Shawnee Mission Lake Restoration

Johnson County, Kansas

The Johnson County Parks and Recreation District retained our services to provide recommendations for improvements and management practices to upgrade Shawnee Mission Park Lake. The study was aimed at improving and protecting the water quality of the lake and addressing substandard dam safety conditions.

The county parks and recreation district wanted a plan that would restore mean depth and would protect the lake from sediment and other pollutants carried into it by increased urban runoff.

Our team developed a plan for stream improvements leading to the lake. The plan included constructing a 4-acre wetland complex that served as a connection and water quality improvement feature in the southeast cove, where the tributary stream drained to the lake.

The wetland and stream complex in our design included interpretive elements, such as pedestrian trails and overlooks with interpretive signage surrounding the wetlands and stream system. Other elements include a canoe trail and boardwalks through the wetlands; wildlife viewing blinds; and a potential prairie grass restoration area that blends with the park’s surrounding recreational elements.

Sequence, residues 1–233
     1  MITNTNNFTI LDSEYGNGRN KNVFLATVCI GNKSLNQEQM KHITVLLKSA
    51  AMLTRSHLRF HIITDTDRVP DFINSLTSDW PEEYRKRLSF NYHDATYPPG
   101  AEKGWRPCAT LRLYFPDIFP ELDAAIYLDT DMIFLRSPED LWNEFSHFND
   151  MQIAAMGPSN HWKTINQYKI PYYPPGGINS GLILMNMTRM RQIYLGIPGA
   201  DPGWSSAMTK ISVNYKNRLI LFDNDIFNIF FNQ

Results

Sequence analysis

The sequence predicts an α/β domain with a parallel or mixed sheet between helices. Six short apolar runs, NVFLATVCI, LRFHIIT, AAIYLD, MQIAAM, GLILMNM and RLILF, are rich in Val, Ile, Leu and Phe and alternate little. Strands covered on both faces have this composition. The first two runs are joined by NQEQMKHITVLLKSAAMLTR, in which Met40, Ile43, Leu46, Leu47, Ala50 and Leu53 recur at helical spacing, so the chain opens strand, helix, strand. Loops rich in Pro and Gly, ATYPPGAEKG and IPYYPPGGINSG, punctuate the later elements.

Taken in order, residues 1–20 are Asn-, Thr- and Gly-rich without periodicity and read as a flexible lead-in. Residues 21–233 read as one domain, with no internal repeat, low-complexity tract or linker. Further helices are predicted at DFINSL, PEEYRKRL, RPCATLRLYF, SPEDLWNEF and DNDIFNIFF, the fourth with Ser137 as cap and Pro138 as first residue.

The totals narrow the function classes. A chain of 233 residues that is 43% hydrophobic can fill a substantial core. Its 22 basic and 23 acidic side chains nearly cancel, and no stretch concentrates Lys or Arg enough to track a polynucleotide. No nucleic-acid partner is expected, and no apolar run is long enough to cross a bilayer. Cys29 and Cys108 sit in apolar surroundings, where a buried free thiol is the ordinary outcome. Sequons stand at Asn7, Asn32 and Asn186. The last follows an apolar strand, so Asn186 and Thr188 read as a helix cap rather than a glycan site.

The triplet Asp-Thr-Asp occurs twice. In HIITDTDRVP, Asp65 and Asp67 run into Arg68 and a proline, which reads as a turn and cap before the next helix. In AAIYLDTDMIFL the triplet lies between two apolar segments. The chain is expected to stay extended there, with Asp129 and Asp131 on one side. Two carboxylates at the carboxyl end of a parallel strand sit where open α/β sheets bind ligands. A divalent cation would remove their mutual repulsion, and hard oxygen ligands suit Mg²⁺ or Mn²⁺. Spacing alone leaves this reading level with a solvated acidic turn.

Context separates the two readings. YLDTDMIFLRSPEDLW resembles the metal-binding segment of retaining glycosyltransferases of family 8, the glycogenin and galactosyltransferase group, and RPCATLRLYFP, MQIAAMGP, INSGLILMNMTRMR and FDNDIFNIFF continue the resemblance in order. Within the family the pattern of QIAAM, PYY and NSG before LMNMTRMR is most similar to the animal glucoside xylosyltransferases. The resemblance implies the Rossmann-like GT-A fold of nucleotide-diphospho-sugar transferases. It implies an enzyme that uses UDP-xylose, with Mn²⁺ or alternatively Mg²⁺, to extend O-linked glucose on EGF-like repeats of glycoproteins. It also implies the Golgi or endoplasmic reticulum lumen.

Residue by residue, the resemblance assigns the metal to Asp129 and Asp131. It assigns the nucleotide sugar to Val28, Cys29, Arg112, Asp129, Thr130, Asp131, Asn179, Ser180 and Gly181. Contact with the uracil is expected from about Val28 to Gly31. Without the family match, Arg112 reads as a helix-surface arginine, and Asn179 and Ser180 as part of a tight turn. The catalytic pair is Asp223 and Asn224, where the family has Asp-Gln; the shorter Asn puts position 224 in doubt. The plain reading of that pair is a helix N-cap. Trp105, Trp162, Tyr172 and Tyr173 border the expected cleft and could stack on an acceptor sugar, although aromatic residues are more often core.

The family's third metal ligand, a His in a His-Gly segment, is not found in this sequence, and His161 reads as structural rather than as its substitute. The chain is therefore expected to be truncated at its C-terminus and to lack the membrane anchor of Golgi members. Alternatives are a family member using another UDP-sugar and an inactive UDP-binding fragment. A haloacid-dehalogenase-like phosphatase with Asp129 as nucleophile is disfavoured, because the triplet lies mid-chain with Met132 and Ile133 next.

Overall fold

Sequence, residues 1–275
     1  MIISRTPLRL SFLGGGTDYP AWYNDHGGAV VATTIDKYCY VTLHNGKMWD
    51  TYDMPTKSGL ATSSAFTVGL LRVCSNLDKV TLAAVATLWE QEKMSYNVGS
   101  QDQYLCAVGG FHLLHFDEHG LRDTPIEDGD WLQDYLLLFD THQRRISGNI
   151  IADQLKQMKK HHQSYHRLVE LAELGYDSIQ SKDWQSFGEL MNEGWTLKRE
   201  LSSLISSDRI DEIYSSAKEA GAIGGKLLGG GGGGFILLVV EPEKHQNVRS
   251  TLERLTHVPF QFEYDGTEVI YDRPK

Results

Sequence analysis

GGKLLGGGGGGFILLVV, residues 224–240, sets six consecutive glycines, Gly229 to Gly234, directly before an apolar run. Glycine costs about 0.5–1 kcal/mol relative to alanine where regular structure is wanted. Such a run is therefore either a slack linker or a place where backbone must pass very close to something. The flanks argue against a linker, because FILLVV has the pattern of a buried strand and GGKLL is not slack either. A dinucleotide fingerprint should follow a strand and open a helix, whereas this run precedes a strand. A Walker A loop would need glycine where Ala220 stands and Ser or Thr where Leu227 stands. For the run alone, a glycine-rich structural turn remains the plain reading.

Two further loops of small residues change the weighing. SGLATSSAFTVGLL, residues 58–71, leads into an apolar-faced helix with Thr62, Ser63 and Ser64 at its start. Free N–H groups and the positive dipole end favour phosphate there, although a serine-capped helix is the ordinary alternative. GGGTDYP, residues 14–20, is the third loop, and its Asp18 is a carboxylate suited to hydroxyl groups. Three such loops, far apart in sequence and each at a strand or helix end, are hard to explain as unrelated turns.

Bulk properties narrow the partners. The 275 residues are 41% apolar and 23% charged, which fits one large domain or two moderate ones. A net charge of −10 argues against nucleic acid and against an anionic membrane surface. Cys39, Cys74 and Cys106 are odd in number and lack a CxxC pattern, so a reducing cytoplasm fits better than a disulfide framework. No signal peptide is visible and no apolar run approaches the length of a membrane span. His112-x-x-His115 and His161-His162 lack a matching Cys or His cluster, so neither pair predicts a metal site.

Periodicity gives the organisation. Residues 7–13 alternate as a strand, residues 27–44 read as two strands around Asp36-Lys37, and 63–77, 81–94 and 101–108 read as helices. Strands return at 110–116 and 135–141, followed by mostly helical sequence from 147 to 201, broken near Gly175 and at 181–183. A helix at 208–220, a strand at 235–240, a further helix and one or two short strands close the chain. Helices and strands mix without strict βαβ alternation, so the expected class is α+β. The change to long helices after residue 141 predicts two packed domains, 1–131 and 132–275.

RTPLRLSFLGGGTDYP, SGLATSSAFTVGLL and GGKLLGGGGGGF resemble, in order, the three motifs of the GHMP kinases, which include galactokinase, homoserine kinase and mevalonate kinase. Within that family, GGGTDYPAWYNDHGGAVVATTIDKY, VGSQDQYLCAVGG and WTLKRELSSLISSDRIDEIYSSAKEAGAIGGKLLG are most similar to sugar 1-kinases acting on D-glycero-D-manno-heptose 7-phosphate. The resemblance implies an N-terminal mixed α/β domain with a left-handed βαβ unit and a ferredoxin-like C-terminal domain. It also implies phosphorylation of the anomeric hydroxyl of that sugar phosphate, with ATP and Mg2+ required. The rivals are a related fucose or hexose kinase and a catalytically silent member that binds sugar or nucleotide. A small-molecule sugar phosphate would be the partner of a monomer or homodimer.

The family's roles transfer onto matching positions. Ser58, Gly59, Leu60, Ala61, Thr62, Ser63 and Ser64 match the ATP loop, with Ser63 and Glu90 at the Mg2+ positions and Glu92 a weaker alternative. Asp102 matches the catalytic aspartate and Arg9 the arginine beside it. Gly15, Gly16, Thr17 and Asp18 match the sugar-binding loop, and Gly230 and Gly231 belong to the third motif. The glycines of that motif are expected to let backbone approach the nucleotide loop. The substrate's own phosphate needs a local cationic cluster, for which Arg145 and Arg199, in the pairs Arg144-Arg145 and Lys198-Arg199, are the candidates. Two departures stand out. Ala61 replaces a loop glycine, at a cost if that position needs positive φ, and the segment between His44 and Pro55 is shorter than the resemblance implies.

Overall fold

Permitting aspects of the project included the following: 

  • Jurisdictional determination of emergent wetlands, ephemeral, and intermittent channels
  • Coordination with the U.S. Army Corps of Engineers, the county parks and recreation district, the Kansas Department of Health and Environment, and the Johnson County Stormwater Program
  • Mitigation design
  • Section 404 and Section 401 applications

The project also involved many other aspects that included:

  • Removing sediment from the stream opening into the cove of the lake
  • Creating a wetland complex for educational and water quality enhancements
  • Designing and reintroducing stream meanders within the wetland complex
  • Designing and constructing a sedimentation forebay
  • Establishing a terrestrial and deep water habitat

Shawnee Mission Park hosts thousands of visitors each year and accommodates a wide variety of activities. Construction of the project, which began in 2007 and was completed in 2008, had minimal impact to park activities and resources.


Tony Stanton

Overland Park, Kansas


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